J. Sánchez, and A. Loewe. A Review of Healthy and Fibrotic Myocardium Microstructure Modeling and Corresponding Intracardiac Electrograms. In Frontiers in Physiology, vol. 13, 2022
Computational simulations of cardiac electrophysiology provide detailed information on the depolarization phenomena at different spatial and temporal scales. With the development of new hardware and software, in silico experiments have gained more importance in cardiac electrophysiology research. For plane waves in healthy tissue, in vivo and in silico electrograms at the surface of the tissue demonstrate symmetric morphology and high peak-to-peak amplitude. Simulations provided insight into the factors that alter the morphology and amplitude of the electrograms. The situation is more complex in remodeled tissue with fibrotic infiltrations. Clinically, different changes including fractionation of the signal, extended duration and reduced amplitude have been described. In silico, numerous approaches have been proposed to represent the pathological changes on different spatial and functional scales. Different modeling approaches can reproduce distinct subsets of the clinically observed electrogram phenomena. This review provides an overview of how different modeling approaches to incorporate fibrotic and structural remodeling affect the electrogram and highlights open challenges to be addressed in future research.
In patients with atrial fibrillation, intracardiac electrogram signal amplitude is known to decrease with increased structural tissue remodeling, referred to as fibrosis. In addition to the isolation of the pulmonary veins, fibrotic sites are considered a suitable target for catheter ablation. However, it remains an open challenge to find fibrotic areas and to differentiate their density and transmurality. This study aims to identify the volume fraction and transmurality of fibrosis in the atrial substrate. Simulated cardiac electrograms, combined with a generalized model of clinical noise, reproduce clinically measured signals. Our hybrid dataset approach combines and clinical electrograms to train a decision tree classifier to characterize the fibrotic atrial substrate. This approach captures different dynamics of the electrical propagation reflected on healthy electrogram morphology and synergistically combines it with synthetic fibrotic electrograms from experiments. The machine learning algorithm was tested on five patients and compared against clinical voltage maps as a proof of concept, distinguishing non-fibrotic from fibrotic tissue and characterizing the patient's fibrotic tissue in terms of density and transmurality. The proposed approach can be used to overcome a single voltage cut-off value to identify fibrotic tissue and guide ablation targeting fibrotic areas.
J. Sánchez, B. Trenor, J. Saiz, O. Dössel, and A. Loewe. Fibrotic Remodeling during Persistent Atrial Fibrillation: In Silico Investigation of the Role of Calcium for Human Atrial Myofibroblast Electrophysiology. In Cells, vol. 10(11) , pp. 2852, 2021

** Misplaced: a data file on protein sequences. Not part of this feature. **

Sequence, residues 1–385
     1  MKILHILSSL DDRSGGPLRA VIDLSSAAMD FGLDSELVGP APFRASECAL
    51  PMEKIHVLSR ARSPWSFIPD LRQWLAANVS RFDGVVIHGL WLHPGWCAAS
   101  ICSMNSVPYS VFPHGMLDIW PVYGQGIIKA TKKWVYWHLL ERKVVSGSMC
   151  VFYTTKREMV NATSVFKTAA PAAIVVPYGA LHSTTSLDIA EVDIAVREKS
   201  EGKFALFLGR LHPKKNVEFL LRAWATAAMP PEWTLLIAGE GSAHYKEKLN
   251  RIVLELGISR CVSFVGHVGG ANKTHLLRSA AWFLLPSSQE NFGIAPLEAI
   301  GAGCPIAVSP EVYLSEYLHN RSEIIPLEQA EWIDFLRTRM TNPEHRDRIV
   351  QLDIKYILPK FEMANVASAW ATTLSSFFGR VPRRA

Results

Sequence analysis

During atrial fibrillation, cardiac tissue undergoes different remodeling processes at different scales from the molecular level to the tissue level. One central player that contributes to both electrical and structural remodeling is the myofibroblast. Based on recent experimental evidence on myofibroblasts’ ability to contract, we extended a biophysical myofibroblast model with Ca2+ handling components and studied the effect on cellular and tissue electrophysiology. Using genetic algorithms, we fitted the myofibroblast model parameters to the existing in vitro data. In silico experiments showed that Ca2+ currents can explain the experimentally observed variability regarding the myofibroblast resting membrane potential. The presence of an L-type Ca2+ current can trigger automaticity in the myofibroblast with a cycle length of 799.9 ms. Myocyte action potentials were prolonged when coupled to myofibroblasts with Ca2+ handling machinery. Different spatial myofibroblast distribution patterns increased the vulnerable window to induce arrhythmia from 12 ms in non-fibrotic tissue to 22 ± 2.5 ms and altered the reentry dynamics. Our findings suggest that Ca2+ handling can considerably affect myofibroblast electrophysiology and alter the electrical propagation in atrial tissue composed of myocytes coupled with myofibroblasts. These findings can inform experimental validation experiments to further elucidate the role of myofibroblast Ca2+ handling in atrial arrhythmogenesis.
Under persistent atrial fibrillation (peAF), cardiac tissue experiences electrophysiological and structural remodeling. Fibrosis in the atrial tissue has an important impact on the myocyte action potential and its propagation. The objective of this work is to explore the effect of heterogeneities present in the fibrotic tissue and their impact on the intracardiac electrogram (EGM). Human atrial myocyte and fibroblast electrophysiology was simulated using mathematical models proposed by Koivumäki et al. to represent electrical remodeling under peAF and the paracrine effect of the transforming grow factor 1 (TGF-1). 2D tissue simulations were computed varying the density of fibrosis (10%, 20% and 40%), myofibroblasts and collagen were randomly distributed with different ratios (0%-100%, 50%-50% and 100%- 0%). Results show that increasing the fibrosis density changes the re-entry dynamics from functional to anatomical due to a block in conduction in regions with high fibrosis density (40%). EGM morphology was affected by different ratios of myofibroblasts-collagen. For low myofibroblast densities (below 50%) the duration of active segments was shorter compared to higher myofibroblasts densities (above 50%). Our results show that fibrosis heterogeneities can alter the dynamics of the re-entry and the morphology of the EGM.